Last night before heading to bed, I checked on emails, and there was one from the website. I of course opened it, and they told me they had discovered some photos taken of my great-great-grandfather, Orlando Serviss. He was born in 1849, died in 1907, so he only lived 58 years, fortunately long enough to help to produce my great-grandfather. Orlando, in his adult years, was a police officer in Grand Island, Nebraska. Being a policeman back in the late 1800s, when much of the Midwest was still pioneering and the streets were not even gravel, the work of maintaining law and order was pretty raw. There was one newspaper account of a robbery in town, and Orlando, in pursuit, ended up shooting one of the robbers, and it was all written up in very dramatic fashion. Orlando, from his picture, looked to be a kind of skinny guy, with a typical 1800s moustache, and greased back hair.
The photos that were apparently submitted by a relative, and then sifted out to the tree subscribers who listed Orlando as an ancestor, were, I believe, the most curious photos I’ve ever seen. In the two photos, Orlando is dressed up in his police uniform (now, this is not like Barney Fife on Andy Griffith – he looks more like one of the Keystone Cops!), and in the first photo, he appears to be knocked unconscious on some boxes by a couple of scurrilous criminals, who are busy going through his pockets, and trying to take the police badge off his uniform. Like I said, it’s a fascinating picture, until you begin to realize this wasn’t taken with a smart phone that someone grabbed out of their pocket. It would have taken someone with professional camera equipment, set up and framed and ready to shoot. When you also look more closely at the photo, you notice how neat and tidy the muggers are – almost as if they knew, or even were friends with the poor unfortunately police officer/victim.
The second photo tells us the end of the story. Instead of being robbed, and left to the elements, the photo shows us the now-standing, fully awake and powerful Officer Orlando, grabbing the two criminals by the scruff of their neatly ironed shirts, as he apparently thwarted the crime, and saved not only the town, but his own well-being as the keeper of justice in Grand Island. The ruffians look suitably tough and remorseful for their evil deed, and Orlando is steely-eyed, unsmiling as he does his duty.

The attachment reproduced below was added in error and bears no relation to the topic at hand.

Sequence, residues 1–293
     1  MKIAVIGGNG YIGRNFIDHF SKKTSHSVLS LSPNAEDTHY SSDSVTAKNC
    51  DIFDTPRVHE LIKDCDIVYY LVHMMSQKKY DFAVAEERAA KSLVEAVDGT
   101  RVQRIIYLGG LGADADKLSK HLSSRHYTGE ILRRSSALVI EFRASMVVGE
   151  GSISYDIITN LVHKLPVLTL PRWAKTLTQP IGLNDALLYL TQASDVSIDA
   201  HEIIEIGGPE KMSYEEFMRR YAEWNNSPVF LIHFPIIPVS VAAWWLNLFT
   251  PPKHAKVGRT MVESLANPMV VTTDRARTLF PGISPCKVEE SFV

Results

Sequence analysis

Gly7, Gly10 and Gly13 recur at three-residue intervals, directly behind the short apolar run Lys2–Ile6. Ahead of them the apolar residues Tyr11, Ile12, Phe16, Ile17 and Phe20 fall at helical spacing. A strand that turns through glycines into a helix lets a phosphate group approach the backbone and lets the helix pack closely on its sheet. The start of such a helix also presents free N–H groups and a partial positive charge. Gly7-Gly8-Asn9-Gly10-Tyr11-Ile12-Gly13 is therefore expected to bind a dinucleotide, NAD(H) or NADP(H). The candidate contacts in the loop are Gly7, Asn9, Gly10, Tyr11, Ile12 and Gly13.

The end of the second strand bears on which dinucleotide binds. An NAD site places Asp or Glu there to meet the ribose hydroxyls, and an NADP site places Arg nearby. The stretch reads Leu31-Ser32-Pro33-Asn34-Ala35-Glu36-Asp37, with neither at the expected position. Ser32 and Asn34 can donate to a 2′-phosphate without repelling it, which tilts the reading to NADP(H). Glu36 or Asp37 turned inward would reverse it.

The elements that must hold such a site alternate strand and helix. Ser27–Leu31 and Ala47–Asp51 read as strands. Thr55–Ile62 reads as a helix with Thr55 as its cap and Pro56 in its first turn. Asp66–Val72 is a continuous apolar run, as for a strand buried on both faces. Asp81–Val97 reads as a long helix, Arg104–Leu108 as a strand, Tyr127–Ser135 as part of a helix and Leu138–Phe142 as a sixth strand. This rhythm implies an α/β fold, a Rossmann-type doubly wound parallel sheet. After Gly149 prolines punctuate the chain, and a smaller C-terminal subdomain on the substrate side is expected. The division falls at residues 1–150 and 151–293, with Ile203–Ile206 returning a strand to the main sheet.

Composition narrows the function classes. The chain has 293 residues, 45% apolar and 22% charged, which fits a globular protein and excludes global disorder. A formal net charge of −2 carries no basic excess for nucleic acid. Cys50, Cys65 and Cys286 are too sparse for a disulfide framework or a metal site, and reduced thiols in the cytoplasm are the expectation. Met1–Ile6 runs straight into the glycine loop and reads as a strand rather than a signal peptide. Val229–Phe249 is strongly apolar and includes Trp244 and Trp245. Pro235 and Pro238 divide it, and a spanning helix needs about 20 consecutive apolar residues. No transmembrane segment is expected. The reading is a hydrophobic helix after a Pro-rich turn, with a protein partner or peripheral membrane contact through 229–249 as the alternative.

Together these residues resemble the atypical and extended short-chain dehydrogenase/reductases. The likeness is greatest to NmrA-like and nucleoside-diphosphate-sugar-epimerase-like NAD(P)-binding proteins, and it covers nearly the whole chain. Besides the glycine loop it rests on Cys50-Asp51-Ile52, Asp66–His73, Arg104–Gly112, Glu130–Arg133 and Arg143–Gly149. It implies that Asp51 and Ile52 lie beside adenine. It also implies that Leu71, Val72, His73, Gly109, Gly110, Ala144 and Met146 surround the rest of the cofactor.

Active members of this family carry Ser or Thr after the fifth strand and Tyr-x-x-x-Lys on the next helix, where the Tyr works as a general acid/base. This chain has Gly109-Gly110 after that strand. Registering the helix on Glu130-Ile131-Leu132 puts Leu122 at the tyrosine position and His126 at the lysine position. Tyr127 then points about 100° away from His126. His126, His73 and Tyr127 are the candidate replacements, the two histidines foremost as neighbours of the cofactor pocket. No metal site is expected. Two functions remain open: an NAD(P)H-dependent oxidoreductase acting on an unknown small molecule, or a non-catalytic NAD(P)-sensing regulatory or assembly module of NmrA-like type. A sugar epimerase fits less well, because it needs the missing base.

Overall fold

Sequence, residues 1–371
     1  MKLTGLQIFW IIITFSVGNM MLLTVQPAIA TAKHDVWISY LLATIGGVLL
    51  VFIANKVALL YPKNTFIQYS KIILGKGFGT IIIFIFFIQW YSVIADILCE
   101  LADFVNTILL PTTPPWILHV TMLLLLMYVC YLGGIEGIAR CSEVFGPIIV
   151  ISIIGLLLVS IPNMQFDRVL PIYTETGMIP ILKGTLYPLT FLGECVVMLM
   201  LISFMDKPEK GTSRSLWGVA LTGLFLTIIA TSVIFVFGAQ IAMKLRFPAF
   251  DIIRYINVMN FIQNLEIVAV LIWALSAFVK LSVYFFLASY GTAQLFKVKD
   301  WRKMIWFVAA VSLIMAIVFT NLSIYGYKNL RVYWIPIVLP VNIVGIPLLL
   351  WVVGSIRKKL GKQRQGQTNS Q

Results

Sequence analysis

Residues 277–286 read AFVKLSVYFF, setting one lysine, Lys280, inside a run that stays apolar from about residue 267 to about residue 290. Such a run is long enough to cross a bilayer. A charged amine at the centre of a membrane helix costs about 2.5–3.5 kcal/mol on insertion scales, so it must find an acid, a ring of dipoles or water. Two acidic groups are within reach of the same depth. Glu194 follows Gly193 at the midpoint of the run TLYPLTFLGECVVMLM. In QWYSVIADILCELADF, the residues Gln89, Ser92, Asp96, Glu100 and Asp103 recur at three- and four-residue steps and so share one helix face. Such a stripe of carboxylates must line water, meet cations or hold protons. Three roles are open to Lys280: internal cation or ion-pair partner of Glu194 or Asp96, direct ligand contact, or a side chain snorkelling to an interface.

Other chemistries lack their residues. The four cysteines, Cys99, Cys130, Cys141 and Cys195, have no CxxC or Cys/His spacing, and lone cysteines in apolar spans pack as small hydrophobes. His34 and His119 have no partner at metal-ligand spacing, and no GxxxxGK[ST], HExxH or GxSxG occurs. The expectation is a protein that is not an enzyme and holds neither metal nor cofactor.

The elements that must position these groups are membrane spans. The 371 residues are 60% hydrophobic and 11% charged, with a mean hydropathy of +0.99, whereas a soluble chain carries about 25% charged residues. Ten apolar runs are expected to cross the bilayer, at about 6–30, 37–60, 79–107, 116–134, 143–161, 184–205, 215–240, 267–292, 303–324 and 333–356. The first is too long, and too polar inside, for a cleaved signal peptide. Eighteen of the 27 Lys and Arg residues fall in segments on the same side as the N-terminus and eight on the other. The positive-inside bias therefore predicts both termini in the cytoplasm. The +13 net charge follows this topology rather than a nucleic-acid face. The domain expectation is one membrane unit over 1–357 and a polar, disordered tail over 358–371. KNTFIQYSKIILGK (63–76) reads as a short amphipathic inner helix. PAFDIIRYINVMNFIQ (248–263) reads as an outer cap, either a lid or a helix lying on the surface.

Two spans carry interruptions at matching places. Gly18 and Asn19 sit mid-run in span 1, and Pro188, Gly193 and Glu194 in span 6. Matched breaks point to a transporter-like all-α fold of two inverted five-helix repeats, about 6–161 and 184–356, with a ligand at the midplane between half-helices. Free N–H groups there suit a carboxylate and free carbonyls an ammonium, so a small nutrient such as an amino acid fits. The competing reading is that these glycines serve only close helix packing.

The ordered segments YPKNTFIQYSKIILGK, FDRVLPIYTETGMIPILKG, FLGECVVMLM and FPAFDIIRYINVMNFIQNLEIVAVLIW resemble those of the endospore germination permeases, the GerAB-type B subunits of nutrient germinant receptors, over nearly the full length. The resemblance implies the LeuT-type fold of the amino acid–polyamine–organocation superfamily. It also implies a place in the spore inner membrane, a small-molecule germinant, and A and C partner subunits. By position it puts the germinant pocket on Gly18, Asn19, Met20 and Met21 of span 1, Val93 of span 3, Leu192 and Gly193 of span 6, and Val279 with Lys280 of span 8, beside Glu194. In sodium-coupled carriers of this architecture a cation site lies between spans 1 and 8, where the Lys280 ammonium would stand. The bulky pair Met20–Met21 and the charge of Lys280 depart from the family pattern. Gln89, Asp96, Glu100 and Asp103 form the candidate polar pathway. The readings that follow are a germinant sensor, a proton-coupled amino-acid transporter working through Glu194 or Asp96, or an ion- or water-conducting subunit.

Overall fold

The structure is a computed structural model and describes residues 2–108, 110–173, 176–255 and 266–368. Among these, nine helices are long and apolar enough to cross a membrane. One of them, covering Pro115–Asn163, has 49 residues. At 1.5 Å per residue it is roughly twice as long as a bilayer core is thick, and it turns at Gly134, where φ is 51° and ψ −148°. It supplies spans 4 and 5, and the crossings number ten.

The fun thing about the photos is that I know nothing about their origin. You can almost imagine the four friends – Orlando, the photographer, and the ruffians – deciding somehow that it would be great fun to pose a couple of photos showing Orlando in his civic duty, at first being attacked, and then, becoming victorious. When you realize it’s all staged, you have to ask, “Why?” Were things so slow in Grand Island? Was there some other purpose? Were they recreating an event that happened in the town’s recent history? The more I looked at the photos, the bigger smile I got on my face, seeing such hams at work, posing for the shots. I realized that there was my true family history. A bunch of comedians.
I believe we find out who we are both by spending time alone, observing where we fit into this world, and also by acquainting ourselves in the company of others, in the drama and the laughter that makes up life. One tragedy of the coronavirus semi-quarantine is that it tends to push us away from the others who help us discover who we are. We need to become very creative in making connections which bring a liveliness and an honest opening of our lives, still keeping safe. To open everything up will only bring more death. To shut it all down only brings sadness and isolation that robs us of life. Again, an intentional balance, with common sense safety is at least a path to the future so that someday we can be the family history that one of our descendants finds fascinating.
Word for the day: rorulent. Pronounced roar-ROO-lunt. It sounds like a lion is around the corner, but the word is actually as far away from that image as you can get. It comes from the Latin ros, or roris, meaning “dew,” like the drops of water you find on the grass or the flowers when it’s not November in North Dakota. It’s a springtime, early summer morning kind of feeling, as the word means “covered in dew.” It makes us think about fresh, open-the-windows for a while before it gets too hot, but let’s enjoy the wonderful aroma of that season. As I said, the image conjured in this word should not be considered when you are face to face with a northern November, and you realize that “dew” is a good five months away.
After 43 years of ministry, Randy Cross lived his "fourth life" and shared about retirement, living boldly and intentionally in our world. To be sure, there was some North Dakota thrown in.